I was not a fan of Awful Auntie and I really wanted to like it. When a kids show comes through town, against popular opinion, I’m 100% sign me up. Dinosaurs? Yep. Talking animals? Uhuh. Rhyming couplets every sentence? I’m all over it mate.
But I hated Awful Auntie. I really did.
Now to be fair there are some good bits. I must have laughed at a couple of the set changes which were intentionally, smoothly comic – an old housekeeper taking the tiger skin rug for a walk, sourcing a live chicken for dinner and other hijinks. And the set is amazing. It’s a stage designer’s horny fantasy: “let’s get it to spin around” “yes! Let’s get it to move side to side!” “YES! Let’s get it to function entirely automatically” “yes yes YES YES YEEESSSSS” …And I assume, therefore, the stage electrician’s nightmare.
But the rest? The rest is mostly running about the ‘giant house’ being mildly offensive which, at best is Little Britain toned down, and at worst is just bad writing for kids. For example, at one point near the end of the play Stella, the female protagonist, discovers the profound wisdom that whether you’re brought up in a stately home, or in a workhouse, you should treat everyone with respect. Not a bad message by any means. But she does only arrive at this conclusion once it has been revealed that her ghost friend who she has already patronised for growing up in the workhouse actually was/is her uncle. The titualar aunty sent him down the river in an early bid to kill him and the workhouse, it turns out, is just where he ended up. So kids, you should treat everyone as equals, but only because you might discover they are your relative from the same stately home as you and actually they ought to have been treated a lot better from birth (just like you).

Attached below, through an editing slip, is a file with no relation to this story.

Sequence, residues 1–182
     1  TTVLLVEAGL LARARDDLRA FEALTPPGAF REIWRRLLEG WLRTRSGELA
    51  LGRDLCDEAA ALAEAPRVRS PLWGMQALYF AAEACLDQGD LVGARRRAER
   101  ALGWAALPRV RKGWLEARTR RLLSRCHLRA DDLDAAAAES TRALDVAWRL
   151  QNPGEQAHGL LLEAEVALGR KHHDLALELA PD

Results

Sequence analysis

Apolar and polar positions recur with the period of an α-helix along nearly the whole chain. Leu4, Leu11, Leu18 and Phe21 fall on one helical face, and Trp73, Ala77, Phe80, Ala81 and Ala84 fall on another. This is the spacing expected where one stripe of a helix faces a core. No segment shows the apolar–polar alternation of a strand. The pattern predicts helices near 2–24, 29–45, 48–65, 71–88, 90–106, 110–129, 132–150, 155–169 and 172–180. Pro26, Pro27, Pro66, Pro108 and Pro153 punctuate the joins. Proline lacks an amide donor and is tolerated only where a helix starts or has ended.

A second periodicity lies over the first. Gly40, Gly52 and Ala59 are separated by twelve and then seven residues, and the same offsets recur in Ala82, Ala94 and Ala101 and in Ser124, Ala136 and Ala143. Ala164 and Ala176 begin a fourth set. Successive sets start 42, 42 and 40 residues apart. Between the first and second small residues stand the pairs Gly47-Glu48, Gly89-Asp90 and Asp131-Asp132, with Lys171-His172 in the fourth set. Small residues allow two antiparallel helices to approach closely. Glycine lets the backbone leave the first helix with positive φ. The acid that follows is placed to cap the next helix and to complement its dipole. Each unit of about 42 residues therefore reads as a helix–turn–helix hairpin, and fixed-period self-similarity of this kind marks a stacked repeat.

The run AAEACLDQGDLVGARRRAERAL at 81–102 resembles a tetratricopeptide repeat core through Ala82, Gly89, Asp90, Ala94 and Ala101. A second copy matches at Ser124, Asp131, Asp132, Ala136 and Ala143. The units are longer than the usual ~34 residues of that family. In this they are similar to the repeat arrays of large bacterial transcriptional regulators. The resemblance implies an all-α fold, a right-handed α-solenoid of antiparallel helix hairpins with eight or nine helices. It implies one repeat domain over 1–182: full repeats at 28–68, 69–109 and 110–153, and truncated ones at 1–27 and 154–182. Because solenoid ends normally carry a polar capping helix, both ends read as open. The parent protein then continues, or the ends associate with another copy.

The sketchy morals continue – not that a kids show need or ought to be moralistic – but the genuinely homicidal aunt perhaps would be better suited to Broadmoor than the Everyman. It is discovered, and fairly quickly accepted, early on that Aunt Augusta is a murderer – yeah that’s just how aunts are these days – and the torture scene (sorry, yes, that is torture scene) is fairly uncritically passed by. Honestly! Aunts! Whacha gonna do!? Hide the waterboarding kit? Turn off the mains power? Probably yes?
Later on there is mild resistance to more electrical torture when the ghost, Soot, encourages Stella to take one more hit for the team:
“Get back in the cage”
“You have to get back in it”
“I have a plan!”
“Oh alright then”.
Classic vague male heroics at the expense of female pain? Ah but they’re only 12 pal: kids just bounce back from that sort of thing. And that segues smoothly into my last major frustration. A female protagonist on stage still feels like a rarity and Stella Saxby is clearly such a rarity that Walliams forgot to add any brains. She constantly gets whine-y, annoying or explain-y lines, whilst her friend/ghost/uncle(!) gets all the funny bits. It’s excruciating.
Honestly, with his fairly offensive track record, how is David Walliams now licenced to pour his outdated attitudes into stories for kids? I’ve literally no idea. But I know I hate it.